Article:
TONI SAYS: How to avoid the Medicare Part D penalty

By Toni King

Dear Readers: Last week’s Medicare article, “Ignoring Medicare rules costs Americans millions in penalties,” contained an error. The Medicare Part D Penalty is based on 1% for each month, not year, for which one could have but failed to enroll in Medicare Part D.

Hello Toni:

I read your article about how ignoring Medicare rules is Costing Americans millions and I believe I have made a mistake because I have not enrolled in a Medicare Part D prescription drug plan. I need your help!

I retired in August and had a telemarketing agent help me find a Medicare Supplement which began Sept. 1. No one told me that I had a specific amount of time to enroll in my Medicare Part D plan. Currently, my prescriptions are generic, and I use GoodRx to receive the discount.

When I enrolled on December 15 for a new Medicare Part D plan, I was denied because I did not apply on time.

I am 70 and my Part D will begin next year when I’m 71. Medicare informed me that the Part D penalty will be $.3470 X 72 months since my Medicare Part A began 6 years ago at 65. I cannot believe that I must pay an extra $25 per month as a Part D “penalty”.

Please explain this ridiculous Medicare Part D rule and when I can begin my plan. Thank You, Samuel from Chattanooga, TN


You will have to wait until the next Medicare Annual Enrollment period from Oct.15-Dec. 7 to enroll in a Medicare Part D plan. Your effective date will be Jan. 1, 2025. The good news is that you are currently taking generics and can use GoodRx (which is not what Medicare deems as a “creditable” prescription drug plan) until you enroll in Medicare Part D during that time. (Chapter 5 of the Toni Says Medicare Survival Guide Advanced edition, explains Medicare Part D, how to avoid Part D penalties, and the famous “Donut Hole.”)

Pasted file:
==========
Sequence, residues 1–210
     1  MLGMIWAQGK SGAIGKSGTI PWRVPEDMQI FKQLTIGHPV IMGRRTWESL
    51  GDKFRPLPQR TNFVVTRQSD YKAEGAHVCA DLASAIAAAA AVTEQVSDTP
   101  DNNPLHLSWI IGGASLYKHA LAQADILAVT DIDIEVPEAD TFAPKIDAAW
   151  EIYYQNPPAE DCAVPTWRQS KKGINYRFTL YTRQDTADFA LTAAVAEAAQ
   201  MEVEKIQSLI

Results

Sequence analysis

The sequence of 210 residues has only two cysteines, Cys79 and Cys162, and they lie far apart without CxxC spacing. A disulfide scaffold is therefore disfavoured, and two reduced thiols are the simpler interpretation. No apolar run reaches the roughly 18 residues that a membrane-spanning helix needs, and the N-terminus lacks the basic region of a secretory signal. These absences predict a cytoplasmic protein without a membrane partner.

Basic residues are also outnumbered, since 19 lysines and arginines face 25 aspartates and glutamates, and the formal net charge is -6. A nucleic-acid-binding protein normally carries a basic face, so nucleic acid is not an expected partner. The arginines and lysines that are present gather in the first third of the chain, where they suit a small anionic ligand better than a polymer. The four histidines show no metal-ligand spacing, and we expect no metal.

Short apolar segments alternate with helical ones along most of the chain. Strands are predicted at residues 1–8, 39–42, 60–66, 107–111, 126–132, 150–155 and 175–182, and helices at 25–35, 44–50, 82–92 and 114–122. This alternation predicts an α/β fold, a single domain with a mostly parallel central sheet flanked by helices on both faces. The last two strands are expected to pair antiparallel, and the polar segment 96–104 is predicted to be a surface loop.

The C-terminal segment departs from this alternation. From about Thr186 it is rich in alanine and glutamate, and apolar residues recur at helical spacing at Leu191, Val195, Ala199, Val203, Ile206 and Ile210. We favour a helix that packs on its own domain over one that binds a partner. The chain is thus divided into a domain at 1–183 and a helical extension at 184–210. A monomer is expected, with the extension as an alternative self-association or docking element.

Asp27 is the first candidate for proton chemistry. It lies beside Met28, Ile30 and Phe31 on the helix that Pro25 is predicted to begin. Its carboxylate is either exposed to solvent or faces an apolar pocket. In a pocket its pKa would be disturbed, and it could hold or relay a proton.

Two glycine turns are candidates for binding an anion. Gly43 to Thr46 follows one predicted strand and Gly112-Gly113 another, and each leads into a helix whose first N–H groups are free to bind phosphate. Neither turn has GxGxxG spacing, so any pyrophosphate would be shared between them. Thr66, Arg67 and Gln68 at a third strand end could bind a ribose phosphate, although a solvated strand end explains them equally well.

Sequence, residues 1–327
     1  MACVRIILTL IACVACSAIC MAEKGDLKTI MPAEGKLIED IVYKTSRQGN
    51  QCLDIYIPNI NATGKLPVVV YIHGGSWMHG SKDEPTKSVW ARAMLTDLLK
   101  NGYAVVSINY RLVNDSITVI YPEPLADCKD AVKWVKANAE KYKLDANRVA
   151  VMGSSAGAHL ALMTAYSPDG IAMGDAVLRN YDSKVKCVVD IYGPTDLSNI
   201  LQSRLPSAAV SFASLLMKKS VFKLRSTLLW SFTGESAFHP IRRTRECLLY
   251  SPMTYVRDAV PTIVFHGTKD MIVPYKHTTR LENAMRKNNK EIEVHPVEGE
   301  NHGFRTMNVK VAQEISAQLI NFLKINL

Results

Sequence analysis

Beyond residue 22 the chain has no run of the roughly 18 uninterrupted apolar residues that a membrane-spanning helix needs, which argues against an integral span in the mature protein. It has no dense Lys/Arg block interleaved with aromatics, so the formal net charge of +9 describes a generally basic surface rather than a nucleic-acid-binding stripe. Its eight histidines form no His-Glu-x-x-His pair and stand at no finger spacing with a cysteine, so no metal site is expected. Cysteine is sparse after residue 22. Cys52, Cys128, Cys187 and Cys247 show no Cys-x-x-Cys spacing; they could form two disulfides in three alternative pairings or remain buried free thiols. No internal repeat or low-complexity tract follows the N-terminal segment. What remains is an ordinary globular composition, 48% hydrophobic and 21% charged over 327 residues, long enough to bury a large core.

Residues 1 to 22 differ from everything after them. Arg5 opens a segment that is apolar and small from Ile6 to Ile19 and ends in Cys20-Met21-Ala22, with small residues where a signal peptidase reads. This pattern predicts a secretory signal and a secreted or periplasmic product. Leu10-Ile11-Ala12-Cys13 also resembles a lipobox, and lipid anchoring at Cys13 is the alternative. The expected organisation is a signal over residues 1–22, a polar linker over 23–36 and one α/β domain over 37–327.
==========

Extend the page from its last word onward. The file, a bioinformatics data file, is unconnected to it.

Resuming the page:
Once you are past 65 and leaving creditable employer’s group coverage with a prescription drug plan, Medicare gives you only 63 days, not 90 days, not 8 months, but less than 63 days to enroll in Medicare Part D or a Medicare Advantage plan with prescription drug coverage.

Your late enrollment period (LEP) did not begin from the day you left your company health plan, nor from your Medicare Part B start date. It began from the month your Medicare Part A began.

The LEP (Late Enrollment Period) penalty for Medicare Part D can be charged to you because:

1) You waited past 63 days without creditable prescription drug coverage upon leaving company benefits and you are older than 65 years and 90 days. Readers: Do not wait past 63 days to get Medicare Part D upon leaving company health insurance! (Samuel, this is your situation.)

2) Your company prescription drug benefits (not health insurance) were not “creditable” as Medicare declares.

3) You never enrolled in Medicare Part D at the time you enrolled in Medicare Part A and Part B when you turned 65, and now want to enroll.

Samuel, you were denied Medicare Part D prescription coverage because you met Medicare’s LEP (late enrollment penalty) rule and will receive the Part D penalty when you enroll during Medicare’s Annual Enrollment period—a penalty which lasts a lifetime.

Americans retiring after 65, who are leaving employer’s health plans and applying for Medicare Parts A and B, must also prove they have “creditable coverage” when applying for a Medicare Part D prescription drug plan. This is a Medicare rule. Don’t delay your Part D enrollment.

Is the maze of Medicare confusing you? Contact the Toni Says Medicare team at 832-519-8664 or [email protected] with your Medicare questions. Toni King’s Medicare Survival Guide Advanced edition and the new “Confused about Medicare” video series is on sale at